Inequality can be understood in this way too. Inequality is seen by these organisations as positive when it leads to disproportionate rewards for some, and therefore incentivises market-based risk. However, there is a level of inequality when the costs of negative risks outweigh these positive ones. This is the case where inequality leads to social and political instability or undermines trust in political institutions and the status quo of uneven wealth and power distribution.
To cite an example from a recent OECD report, it is also negative when it undermines market based risk taking: for instance when unequal societies mean that the poor do not invest in their skills development for future reward, because they cannot forgo today’s consumption, or they see the potential benefits as too uncertain. Clearly, in the judgement of those responding to the WEF’s Global Risk survey in recent years, and the OECD and IMF, inequality has risen to a level when these negative risks are now outweighing the positive ones.
The argument underpinning my paper is then that the new concern among international organisations with inequality – what might be termed a ’New Global Politics of Inequality’ – is just one example of their role in managing the risks associated with world market integration. It is a genuine concern, but it is not necessarily progressive. Rather it should be seen as a feature of these organisations attempting to save World Market Society from its own in-built crisis pressures.
None of this is to question the individual motivations of some of the committed people that I spoke to about their work on inequality inside these organisations. Many of them were genuinely committed and from a progressive desire for a more equal distribution of power and resources. They reported long-standing commitments and work in the area of inequality which stretched far beyond the recent organisational support for it. However, what seemed clear was that their work and ideas were allowed to come to the fore, and given organisational prominence, precisely because the context had changed. From an organisational standpoint, inequality had moved between the categories of positive and negative risk.
There are many reasons why this shift in organisational perspective occurred. On the one hand protest and activism was significant. The Occupy movement, resistance in Southern Europe to the imposition of austerity and the Arab Spring were all major triggers for shifting organisational agendas. So too is the increasing uncertainty among international organisations about their leadership and facilitation of the international community in a world of geo-political power shift from the US and ‘West’ to a multi-polar world. Dealing with inequality and social fragmentation as well as the impacts of this on consumer demand and environmental problems like resource depletion and climate change, in the context of reduced leadership capacity worries these organisations greatly. Watching the webcasts of discussions at Davos reaffirms this conclusion substantively.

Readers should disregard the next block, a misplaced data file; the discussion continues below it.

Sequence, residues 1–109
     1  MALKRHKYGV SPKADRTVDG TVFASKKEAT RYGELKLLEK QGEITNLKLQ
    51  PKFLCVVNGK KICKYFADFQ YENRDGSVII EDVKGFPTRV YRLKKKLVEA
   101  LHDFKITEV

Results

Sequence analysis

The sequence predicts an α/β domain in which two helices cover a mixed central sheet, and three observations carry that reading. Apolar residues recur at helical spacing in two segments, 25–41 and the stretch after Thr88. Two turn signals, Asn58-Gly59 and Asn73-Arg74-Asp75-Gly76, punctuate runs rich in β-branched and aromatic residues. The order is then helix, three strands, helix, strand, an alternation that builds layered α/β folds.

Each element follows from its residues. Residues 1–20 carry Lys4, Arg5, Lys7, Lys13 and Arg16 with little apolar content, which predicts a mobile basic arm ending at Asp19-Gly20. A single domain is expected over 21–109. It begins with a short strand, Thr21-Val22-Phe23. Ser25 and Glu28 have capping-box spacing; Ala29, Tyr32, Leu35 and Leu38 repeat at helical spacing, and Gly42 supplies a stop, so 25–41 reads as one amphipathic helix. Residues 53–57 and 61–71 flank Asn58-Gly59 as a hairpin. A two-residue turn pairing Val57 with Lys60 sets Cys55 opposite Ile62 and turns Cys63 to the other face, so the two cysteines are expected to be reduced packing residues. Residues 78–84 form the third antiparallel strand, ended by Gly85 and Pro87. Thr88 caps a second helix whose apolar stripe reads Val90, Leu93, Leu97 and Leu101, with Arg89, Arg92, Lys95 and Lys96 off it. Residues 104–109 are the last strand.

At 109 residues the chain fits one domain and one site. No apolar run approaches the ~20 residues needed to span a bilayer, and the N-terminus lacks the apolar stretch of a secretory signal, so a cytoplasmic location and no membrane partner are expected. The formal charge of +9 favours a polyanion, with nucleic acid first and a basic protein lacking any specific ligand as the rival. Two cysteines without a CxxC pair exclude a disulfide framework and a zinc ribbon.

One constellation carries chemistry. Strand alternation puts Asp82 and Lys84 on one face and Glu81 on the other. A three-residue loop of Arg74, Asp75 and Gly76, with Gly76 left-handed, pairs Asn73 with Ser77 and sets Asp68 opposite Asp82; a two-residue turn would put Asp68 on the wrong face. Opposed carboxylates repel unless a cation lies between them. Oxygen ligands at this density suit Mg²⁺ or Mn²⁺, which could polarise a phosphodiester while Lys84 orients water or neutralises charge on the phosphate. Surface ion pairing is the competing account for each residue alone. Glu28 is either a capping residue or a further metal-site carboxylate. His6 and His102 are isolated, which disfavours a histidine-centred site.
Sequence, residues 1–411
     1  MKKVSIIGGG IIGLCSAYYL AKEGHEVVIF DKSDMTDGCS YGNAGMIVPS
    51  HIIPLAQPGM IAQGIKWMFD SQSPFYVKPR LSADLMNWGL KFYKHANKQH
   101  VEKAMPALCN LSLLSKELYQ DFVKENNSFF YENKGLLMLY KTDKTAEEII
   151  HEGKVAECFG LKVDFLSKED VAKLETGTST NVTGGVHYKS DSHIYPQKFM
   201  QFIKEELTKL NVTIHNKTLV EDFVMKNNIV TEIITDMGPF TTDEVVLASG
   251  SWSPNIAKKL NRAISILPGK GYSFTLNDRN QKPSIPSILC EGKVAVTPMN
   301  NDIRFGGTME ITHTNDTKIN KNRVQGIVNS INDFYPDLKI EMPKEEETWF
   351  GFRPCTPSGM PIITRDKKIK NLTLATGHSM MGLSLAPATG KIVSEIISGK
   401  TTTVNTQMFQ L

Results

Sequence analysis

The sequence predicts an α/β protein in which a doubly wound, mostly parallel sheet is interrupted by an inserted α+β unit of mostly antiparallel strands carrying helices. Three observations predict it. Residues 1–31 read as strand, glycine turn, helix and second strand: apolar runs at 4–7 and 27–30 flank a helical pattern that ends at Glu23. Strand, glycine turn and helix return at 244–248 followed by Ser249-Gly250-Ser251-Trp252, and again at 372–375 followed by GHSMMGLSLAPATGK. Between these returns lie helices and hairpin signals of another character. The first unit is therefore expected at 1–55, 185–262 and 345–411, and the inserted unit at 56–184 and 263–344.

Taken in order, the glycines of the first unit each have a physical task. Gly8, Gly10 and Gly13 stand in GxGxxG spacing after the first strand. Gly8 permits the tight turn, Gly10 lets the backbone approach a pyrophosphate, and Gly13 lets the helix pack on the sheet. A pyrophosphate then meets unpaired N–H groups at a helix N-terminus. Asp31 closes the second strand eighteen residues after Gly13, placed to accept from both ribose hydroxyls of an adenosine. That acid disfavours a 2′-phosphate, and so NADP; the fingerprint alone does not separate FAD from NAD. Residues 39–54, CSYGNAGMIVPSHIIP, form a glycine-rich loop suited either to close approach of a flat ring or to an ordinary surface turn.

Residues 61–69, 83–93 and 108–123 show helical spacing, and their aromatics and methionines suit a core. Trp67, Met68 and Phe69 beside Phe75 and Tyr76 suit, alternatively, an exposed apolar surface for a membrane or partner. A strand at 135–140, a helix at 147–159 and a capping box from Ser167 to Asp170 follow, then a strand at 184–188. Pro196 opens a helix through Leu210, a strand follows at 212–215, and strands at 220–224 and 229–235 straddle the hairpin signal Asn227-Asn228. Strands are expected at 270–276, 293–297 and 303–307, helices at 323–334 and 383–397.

A final question relates to the role of advocacy in this context. A future avenue for my research, and one currently being explored in our Global Inequalities research group by doctoral researcher Priyan Senevirantne, is what role leading NGOs are playing in this process?
Oxfam has been one of the loudest critics of increasing inequality, and no doubt has been influential in putting the issue on the agenda of the institutions of world market society. Oxfam’s critique is that WMS is skewed toward the very rich. Its analysis is far more radical than that of the IMF or OECD because it clearly suggests that there is something inherently wrong with the WMS itself.
However, by engaging with the WEF process as an insider, surely Oxfam risks becoming a part of the WMS: that is part of the very problem it is seeking to address. Priyan’s research suggests that many international NGOs – not necessarily Oxfam – are indeed becoming central elements of the very system that they were established to change. Other excellent research even suggests that protest itself is becoming a commercial proposition and stripped of its radical and system-changing objectives. A natural extension of my ISA paper would then be to explore the way in which Oxfam and other similar organisations engage with the institutions of the WMS and the effect that this has on the radicalism and progressiveness of their objectives. Watch this space.